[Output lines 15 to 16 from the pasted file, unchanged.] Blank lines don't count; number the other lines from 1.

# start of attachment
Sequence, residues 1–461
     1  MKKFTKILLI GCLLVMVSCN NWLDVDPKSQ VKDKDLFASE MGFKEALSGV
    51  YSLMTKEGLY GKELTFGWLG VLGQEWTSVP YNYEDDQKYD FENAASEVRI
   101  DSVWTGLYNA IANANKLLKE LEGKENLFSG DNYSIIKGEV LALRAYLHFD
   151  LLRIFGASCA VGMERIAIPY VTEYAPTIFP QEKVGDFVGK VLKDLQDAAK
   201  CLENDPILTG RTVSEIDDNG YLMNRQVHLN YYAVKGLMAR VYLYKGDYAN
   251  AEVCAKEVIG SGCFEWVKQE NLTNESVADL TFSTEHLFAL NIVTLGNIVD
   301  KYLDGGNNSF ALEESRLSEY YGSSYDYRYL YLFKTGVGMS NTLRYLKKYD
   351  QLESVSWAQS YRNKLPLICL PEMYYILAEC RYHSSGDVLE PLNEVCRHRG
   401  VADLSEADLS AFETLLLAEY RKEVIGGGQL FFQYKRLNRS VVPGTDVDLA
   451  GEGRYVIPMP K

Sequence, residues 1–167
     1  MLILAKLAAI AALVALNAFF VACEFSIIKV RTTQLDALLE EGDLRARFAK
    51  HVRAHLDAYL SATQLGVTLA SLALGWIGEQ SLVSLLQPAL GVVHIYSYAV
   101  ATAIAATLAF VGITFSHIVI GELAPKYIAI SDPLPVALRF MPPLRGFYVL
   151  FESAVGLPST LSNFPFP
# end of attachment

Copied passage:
   101  ATAIAATLAF VGITFSHIVI GELAPKYIAI SDPLPVALRF MPPLRGFYVL
   151  FESAVGLPST LSNFPFP